For the next hour and a half, the panelists convened on the stage in the Great Hall, discussing many things – the differences between lawful and constitutional, and the erosion of privacy. After questions from the audience were taken, the event concluded. Everyone walked out more informed and more aware, but still watched. ◊
Chae Jeong (ChE ‘16)
The Cooper Pioneer interviewed Mr. Christopher Chamberlain regarding his responsibilities as the Director of Residence Life and the Associate Dean of Student Affairs, his new position.
The Cooper Pioneer: How did you hear of the Cooper Union and what brought you here?
Mr. Christopher Chamberlain: I used to work as the Director of Operational Services for a public college in New Jersey and I wanted a change. A friend of mine had previously worked at Cooper as the Director of Residence Life and he highly recommended working here and when the position opened up here, I applied. I was and remain incredibly impressed with the Cooper Union’s ideals.
TCP: How many years have you been at Cooper Union?
TCP: Can you explain your role as Director of Residence Life?
CC: As the Director of Residence Life, I’m responsible for the overall operation of the student residence at 29 3rd Ave. My responsibilities include ensuring that we maximize our occupancy to provide the most housing opportunities to our students as well as overall program direction. As a team with the other professional staffs in the office, David Robbins and Marilyn Whitesides, the Residence Life works to ensure that the student residence is something more than just a “dorm”. We try to engage the students through programs and social events to get them to know each other, to network personally and professionally, and finally to grow as young adults. Since we generally only provide housing to first year students, we also try to prepare the students for the realities of living on their own in New York City.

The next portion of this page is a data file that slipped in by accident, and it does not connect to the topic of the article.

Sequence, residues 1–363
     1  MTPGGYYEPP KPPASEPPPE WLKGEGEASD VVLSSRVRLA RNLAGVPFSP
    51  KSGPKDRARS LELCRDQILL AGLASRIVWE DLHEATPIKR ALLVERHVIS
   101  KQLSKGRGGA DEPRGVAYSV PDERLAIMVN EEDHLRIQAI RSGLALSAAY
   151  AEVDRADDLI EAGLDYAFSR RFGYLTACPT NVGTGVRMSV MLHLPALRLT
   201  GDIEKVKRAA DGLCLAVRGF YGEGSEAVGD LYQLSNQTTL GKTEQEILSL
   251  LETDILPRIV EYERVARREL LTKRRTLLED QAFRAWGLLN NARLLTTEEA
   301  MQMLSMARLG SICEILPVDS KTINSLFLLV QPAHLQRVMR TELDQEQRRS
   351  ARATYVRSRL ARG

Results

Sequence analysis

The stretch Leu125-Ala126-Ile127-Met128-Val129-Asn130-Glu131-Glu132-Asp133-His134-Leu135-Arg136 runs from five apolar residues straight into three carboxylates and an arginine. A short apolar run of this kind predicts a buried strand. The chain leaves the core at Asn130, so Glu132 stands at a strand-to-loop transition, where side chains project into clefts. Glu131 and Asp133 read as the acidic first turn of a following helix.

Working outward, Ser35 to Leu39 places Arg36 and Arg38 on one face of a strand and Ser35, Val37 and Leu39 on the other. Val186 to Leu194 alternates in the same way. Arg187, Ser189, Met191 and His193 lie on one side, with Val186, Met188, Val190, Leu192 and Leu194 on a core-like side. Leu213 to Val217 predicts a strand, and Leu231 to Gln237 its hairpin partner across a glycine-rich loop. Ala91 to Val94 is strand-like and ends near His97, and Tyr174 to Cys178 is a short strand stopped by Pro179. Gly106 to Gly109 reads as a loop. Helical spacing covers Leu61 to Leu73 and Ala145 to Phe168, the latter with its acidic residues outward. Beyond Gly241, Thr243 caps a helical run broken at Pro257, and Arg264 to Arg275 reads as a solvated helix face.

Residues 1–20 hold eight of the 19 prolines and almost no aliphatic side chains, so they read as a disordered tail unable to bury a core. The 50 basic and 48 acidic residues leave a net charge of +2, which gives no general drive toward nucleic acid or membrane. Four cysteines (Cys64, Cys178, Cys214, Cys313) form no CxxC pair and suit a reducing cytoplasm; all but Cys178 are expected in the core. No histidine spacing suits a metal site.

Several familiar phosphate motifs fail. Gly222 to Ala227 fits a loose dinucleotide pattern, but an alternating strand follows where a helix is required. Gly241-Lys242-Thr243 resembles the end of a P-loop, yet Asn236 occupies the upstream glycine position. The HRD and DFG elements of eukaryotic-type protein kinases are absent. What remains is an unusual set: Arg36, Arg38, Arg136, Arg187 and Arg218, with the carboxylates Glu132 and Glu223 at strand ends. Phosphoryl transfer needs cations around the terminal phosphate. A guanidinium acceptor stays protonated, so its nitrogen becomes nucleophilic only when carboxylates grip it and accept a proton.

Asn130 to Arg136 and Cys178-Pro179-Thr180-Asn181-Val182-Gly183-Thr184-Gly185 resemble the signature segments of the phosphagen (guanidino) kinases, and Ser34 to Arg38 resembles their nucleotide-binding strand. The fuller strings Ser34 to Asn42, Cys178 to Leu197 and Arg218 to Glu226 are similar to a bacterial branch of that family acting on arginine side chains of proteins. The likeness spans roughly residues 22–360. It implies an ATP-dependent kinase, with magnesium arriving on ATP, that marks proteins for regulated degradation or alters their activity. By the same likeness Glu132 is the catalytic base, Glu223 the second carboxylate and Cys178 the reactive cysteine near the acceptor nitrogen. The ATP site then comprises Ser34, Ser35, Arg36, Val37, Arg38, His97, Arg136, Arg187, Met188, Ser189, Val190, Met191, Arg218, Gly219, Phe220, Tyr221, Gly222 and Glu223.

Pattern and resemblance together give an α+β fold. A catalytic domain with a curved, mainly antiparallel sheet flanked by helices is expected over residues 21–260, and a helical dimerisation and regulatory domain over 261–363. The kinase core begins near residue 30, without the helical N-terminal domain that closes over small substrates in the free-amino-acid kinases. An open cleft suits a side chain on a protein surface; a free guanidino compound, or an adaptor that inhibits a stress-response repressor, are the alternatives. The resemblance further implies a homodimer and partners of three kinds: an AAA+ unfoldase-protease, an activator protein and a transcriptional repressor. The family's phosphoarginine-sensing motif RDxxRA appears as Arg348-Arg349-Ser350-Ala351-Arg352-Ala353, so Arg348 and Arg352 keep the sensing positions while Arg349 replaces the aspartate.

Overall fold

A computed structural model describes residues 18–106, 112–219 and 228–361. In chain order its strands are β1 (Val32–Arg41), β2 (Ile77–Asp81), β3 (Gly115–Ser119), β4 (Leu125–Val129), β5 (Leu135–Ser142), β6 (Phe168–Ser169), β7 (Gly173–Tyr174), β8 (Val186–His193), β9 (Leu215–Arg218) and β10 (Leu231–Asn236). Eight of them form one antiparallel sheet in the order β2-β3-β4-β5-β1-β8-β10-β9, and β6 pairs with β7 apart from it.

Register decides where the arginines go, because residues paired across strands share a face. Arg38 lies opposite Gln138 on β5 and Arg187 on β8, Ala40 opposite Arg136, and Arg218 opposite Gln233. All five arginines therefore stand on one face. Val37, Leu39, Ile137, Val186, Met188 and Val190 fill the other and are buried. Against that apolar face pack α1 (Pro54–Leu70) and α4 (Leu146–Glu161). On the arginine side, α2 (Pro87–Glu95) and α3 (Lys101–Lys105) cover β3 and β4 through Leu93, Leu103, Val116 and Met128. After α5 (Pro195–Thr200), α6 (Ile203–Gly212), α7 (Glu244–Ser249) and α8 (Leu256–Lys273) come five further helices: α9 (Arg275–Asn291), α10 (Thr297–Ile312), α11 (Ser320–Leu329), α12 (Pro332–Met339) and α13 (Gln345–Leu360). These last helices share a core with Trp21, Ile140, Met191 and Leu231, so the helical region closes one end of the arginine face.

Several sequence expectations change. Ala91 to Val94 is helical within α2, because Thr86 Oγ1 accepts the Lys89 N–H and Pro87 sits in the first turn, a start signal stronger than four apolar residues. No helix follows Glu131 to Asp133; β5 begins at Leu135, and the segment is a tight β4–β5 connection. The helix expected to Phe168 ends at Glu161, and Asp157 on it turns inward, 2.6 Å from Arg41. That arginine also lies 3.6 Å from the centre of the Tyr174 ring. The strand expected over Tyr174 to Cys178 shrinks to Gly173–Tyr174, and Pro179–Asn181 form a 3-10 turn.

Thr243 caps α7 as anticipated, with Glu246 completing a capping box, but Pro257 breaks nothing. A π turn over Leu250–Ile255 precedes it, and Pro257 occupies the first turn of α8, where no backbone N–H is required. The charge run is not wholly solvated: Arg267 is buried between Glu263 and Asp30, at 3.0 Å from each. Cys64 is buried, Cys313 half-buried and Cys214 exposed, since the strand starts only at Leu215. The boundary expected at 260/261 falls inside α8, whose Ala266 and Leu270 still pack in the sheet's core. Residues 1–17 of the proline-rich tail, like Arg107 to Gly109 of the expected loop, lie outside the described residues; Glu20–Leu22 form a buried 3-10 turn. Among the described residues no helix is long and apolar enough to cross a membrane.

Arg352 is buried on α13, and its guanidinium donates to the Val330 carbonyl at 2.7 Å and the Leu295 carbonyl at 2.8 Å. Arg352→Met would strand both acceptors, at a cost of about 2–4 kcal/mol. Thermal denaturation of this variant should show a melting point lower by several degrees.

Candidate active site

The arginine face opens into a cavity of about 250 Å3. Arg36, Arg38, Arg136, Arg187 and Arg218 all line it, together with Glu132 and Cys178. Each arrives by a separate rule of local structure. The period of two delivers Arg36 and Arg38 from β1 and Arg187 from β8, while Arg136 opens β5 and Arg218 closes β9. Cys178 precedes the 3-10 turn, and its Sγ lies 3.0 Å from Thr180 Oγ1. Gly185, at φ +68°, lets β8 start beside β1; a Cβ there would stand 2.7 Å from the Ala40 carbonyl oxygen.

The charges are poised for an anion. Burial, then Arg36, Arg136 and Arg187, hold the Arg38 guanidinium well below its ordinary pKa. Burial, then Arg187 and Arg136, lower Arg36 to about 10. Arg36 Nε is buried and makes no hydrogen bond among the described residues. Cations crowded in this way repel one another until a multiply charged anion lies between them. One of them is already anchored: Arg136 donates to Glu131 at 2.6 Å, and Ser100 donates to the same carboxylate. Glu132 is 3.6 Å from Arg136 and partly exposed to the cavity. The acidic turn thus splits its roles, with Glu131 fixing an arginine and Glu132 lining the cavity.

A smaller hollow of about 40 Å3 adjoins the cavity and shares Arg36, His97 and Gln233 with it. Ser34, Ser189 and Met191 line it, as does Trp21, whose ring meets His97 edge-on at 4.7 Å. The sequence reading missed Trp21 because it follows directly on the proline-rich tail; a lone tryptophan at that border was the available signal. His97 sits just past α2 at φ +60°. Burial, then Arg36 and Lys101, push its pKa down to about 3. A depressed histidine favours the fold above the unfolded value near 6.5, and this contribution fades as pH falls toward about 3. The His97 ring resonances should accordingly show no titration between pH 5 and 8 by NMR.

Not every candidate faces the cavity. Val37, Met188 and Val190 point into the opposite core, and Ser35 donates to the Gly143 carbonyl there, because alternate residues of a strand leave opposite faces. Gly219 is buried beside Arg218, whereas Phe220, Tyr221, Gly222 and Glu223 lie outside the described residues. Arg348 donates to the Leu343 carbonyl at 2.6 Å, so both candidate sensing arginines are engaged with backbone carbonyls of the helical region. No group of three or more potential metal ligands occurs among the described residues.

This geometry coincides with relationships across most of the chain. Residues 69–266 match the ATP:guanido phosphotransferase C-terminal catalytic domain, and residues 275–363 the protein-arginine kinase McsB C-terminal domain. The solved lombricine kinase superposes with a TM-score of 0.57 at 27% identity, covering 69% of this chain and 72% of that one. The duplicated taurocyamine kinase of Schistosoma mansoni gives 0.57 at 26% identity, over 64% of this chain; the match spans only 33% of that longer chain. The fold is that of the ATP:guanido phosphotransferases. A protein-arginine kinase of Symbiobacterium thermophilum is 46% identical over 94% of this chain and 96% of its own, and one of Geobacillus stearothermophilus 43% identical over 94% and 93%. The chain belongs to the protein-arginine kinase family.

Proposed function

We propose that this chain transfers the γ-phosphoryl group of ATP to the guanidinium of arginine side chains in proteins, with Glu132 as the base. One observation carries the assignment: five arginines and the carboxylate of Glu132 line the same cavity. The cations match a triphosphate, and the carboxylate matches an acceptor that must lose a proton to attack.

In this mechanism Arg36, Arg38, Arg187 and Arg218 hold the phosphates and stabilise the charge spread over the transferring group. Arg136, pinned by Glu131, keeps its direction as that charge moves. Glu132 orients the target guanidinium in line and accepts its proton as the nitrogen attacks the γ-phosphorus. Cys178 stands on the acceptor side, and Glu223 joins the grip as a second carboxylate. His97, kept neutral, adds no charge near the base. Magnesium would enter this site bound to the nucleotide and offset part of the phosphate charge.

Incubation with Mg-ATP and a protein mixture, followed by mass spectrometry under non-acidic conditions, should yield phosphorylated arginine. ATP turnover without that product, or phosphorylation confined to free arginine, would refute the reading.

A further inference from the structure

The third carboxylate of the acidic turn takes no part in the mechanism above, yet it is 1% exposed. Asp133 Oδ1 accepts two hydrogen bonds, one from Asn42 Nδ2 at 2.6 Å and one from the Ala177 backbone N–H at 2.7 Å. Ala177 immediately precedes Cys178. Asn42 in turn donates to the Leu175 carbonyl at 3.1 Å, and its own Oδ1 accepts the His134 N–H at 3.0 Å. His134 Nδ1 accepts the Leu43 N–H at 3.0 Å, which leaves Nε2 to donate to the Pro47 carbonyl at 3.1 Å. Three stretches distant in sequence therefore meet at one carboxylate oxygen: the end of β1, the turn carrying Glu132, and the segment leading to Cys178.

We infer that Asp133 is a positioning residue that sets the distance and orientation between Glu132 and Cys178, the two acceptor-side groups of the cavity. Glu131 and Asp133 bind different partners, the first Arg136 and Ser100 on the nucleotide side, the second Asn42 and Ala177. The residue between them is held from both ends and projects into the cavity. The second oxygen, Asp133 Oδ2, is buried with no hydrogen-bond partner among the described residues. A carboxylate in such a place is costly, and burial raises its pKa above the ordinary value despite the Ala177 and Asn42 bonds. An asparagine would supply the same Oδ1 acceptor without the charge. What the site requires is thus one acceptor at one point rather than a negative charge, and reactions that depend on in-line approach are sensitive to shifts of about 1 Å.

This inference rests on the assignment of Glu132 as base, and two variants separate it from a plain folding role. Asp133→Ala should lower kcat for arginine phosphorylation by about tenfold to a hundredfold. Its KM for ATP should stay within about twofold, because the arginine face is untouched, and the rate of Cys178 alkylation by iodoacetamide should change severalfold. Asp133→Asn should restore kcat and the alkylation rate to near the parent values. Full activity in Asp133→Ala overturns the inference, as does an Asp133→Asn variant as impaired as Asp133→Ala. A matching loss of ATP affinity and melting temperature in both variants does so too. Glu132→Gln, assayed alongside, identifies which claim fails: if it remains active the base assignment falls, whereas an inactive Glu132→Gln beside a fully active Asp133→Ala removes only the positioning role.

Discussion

TCP: What was your most memorable moment as Director of Residence Life?
CC: For the most, the memorable moment is always move-in day each year. The day that students move into the residence hall for the first time is always such an exciting time and truly marks, for most students, their official entry into our community and into adulthood.
TCP: Can you explain your role as Associate Dean of Student Affairs?
CC: As the Associate Dean of Student Affairs, I work very closely with Dean Baker in providing leadership for the department. I still oversee Residence Life, but I also manage the student health records, immunization requirements, medical leaves of absence, ADA disability accommodation requests, student counseling referrals, interface with the student government, code of conduct and student judiciary. I also work with the Center for Career Development and all the other areas within Student Affairs.
TCP: How do you feel about your new responsibilities as Associate Dean of Student Affairs?
CC: I’m really excited about this opportunity. I think that we have a strong team in place to make some really positive impacts throughout the campus. I’m really honored that Dean Baker asked me to serve in this capacity and I’m very grateful for all of the support that I’ve received from him and from the campus community in general.
TCP: What were some thoughts you had as you received this new position?
CC: I’m excited to be a part of this exciting time here at Cooper. Dean Baker has a wealth of experience and knowledge about Cooper Union that is unparalleled and really positions us to have a significant positive impact on the lives of our students. I have a strong background in both operations and student affairs and I’m excited to have an opportunity to work in a unique position that allows me to blend them both together.